Extending temperature range with bivy




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    Tyler EE

    I've seen people put the sleeping pad on the outside of a snug bivvy. I would imagine if you are a still sleeper it would likely work fine, but you may end up having to DIY rig something to keep the bivvy and pad secured together. In terms of the quilt if the bivvy is snug on you I would imagine the quilt will stay in place around your body, so that won't be an issue. 

    I would do some experimenting close to home and see what works. I'd be interested in hearing the results. 

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    Here's what I did:  Cut a slit 3/4 of the way down the bottom of a SOL bivy.  Using double sided carpet tape, added a 20" wide piece of kite grade Tyvek.  Folded over and taped a channel at the top for the draw cord.  With the increased diameter, quilt and pad fit inside the bivy and I think it adds considerable warmth.  I also think the Tyvek will wear better and extend the life of the SOL bivy.  But in the winter I use an added Z-Rest pad outside the bivy anyway.

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    Gretchen Becker (Edited )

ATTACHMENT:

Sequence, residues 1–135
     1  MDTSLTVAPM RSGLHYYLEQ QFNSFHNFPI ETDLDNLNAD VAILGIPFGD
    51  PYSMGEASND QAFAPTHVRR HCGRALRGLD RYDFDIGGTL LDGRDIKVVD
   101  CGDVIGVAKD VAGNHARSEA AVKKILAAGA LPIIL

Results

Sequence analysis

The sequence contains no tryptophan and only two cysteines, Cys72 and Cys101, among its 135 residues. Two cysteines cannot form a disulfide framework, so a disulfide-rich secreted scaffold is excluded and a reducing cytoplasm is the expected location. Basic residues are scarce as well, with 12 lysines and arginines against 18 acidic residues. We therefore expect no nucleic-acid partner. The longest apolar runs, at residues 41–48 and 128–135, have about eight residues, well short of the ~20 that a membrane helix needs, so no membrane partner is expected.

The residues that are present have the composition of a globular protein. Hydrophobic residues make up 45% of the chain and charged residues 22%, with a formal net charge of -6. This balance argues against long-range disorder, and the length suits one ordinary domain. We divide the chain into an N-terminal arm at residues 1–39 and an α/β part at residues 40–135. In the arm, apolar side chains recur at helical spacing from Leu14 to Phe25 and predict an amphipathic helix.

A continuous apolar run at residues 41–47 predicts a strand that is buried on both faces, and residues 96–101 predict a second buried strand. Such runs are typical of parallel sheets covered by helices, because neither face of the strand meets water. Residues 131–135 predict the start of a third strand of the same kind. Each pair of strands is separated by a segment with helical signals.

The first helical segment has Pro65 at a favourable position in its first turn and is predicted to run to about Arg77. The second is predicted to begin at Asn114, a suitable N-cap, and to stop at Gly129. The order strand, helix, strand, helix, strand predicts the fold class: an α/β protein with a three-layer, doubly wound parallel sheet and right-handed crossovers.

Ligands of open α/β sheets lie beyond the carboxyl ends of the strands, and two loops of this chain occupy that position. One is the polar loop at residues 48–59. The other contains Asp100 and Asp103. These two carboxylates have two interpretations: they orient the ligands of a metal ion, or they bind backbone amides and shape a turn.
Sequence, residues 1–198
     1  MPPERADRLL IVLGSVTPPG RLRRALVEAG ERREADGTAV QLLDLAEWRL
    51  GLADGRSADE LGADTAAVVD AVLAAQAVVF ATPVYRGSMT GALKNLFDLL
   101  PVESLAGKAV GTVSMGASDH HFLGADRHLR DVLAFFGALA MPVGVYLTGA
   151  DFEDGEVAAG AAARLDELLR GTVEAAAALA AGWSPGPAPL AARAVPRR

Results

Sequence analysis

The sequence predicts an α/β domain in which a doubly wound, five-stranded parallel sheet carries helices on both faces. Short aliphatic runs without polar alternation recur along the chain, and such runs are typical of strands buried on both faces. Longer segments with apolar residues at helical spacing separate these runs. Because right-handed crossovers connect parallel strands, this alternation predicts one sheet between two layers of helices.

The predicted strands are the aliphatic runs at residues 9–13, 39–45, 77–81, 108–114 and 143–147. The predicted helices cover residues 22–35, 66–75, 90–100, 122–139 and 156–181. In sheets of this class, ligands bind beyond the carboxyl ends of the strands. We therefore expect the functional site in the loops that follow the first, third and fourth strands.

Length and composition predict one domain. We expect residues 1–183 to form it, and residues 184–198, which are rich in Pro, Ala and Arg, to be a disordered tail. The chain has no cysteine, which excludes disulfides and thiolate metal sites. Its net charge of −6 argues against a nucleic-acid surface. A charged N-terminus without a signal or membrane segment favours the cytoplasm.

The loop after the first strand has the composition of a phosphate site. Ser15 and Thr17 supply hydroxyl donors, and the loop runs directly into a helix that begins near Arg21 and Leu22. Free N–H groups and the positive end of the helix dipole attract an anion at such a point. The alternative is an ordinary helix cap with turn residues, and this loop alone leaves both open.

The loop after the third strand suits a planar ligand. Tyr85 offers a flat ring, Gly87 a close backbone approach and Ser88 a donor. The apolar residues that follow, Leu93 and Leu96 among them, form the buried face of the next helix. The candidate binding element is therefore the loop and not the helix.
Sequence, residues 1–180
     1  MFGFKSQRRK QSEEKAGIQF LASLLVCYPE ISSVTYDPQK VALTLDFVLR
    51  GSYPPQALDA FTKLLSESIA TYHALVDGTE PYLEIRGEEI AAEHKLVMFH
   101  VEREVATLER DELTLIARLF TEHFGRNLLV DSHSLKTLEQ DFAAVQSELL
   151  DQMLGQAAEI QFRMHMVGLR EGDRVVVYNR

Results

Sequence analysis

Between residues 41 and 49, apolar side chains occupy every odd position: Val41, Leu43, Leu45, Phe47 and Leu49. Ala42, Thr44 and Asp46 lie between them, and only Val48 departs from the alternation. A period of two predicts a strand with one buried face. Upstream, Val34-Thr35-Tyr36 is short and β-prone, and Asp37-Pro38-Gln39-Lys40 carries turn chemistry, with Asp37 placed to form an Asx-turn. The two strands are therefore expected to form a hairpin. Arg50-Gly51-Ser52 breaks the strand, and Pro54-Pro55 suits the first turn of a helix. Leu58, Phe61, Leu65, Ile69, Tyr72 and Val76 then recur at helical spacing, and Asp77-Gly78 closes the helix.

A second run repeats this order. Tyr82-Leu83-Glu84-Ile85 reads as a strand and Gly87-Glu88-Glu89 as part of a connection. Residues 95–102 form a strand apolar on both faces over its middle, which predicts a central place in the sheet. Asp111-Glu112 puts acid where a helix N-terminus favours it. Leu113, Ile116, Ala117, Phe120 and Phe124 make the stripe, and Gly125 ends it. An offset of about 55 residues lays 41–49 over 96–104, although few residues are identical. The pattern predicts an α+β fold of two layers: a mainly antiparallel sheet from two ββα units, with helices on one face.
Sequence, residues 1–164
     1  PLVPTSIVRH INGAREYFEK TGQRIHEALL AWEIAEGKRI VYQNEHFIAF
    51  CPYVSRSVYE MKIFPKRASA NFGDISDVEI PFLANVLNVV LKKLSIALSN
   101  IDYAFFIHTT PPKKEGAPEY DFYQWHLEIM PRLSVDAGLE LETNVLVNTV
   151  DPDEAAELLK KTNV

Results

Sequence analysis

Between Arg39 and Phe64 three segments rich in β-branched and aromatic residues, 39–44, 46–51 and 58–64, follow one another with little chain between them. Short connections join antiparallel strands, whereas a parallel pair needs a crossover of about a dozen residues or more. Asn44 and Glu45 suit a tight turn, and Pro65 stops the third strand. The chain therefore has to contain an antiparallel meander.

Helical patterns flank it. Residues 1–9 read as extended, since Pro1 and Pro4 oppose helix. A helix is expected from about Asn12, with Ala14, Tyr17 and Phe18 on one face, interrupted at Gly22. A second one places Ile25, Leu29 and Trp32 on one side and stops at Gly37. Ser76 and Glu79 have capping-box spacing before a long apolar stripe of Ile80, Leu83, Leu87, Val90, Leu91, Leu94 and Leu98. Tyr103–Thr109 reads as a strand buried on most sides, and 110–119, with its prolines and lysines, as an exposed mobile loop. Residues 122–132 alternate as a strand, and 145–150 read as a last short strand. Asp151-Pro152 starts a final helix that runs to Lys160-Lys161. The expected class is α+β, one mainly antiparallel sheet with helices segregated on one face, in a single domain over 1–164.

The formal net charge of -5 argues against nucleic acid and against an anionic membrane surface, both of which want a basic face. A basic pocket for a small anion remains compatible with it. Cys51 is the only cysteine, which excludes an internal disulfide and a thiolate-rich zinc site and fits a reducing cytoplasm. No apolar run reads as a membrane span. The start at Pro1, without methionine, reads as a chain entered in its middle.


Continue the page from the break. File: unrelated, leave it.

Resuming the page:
Actually for winter backpacking I would recommend using a SOL Emergency bivy or HotSac VBL by Western Mountaineering inside of your Revelation. What you lose in comfort you make up for by keeping hot air and moisture near your body. Read more online about vapor barrier layers/liners. Otherwise I really like using my Sea to Summit Reactor liners which may add about 10 degrees or so to your sleep system. The SOL Escape bivy might work inside as well, but if it is too thick consider these other options.

    Finally, don't forget that your sleeping pad might need to be updated for winter temperatures, which makes a big difference on frozen ground. There is the obvious option of the Therm-a-Rest NeoAir XTherm, but placing a Reflectix layer on top of your pad or adding a closed-cell foam pad underneath will keep you toasty (Gossamer Gear makes thin foam pads that are relatively compact but would add degrees to your system).

    I am a MN native also getting into winter backpacking with my 20 degree Revelation!

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    Tim Marshall

    Gretchen covered everything I was thinking.

    I just want to state how dangerous it would be to wrap your quilt in a waterproof bivy.  As mentioned this will create a vapor barrier trapping all body vapors inside.  You want to move vapor barriers as close to your skin as possible.  A light base layer between you and the VB is about all you want.  Everything inside the VB can and will get wet.  If you trap your quilt inside a VB it will get wet, this will eventually degrade its warmth and leave you in a dangerous situation.  VB next to skin, with insulation over it works great, never put insulation inside a VB


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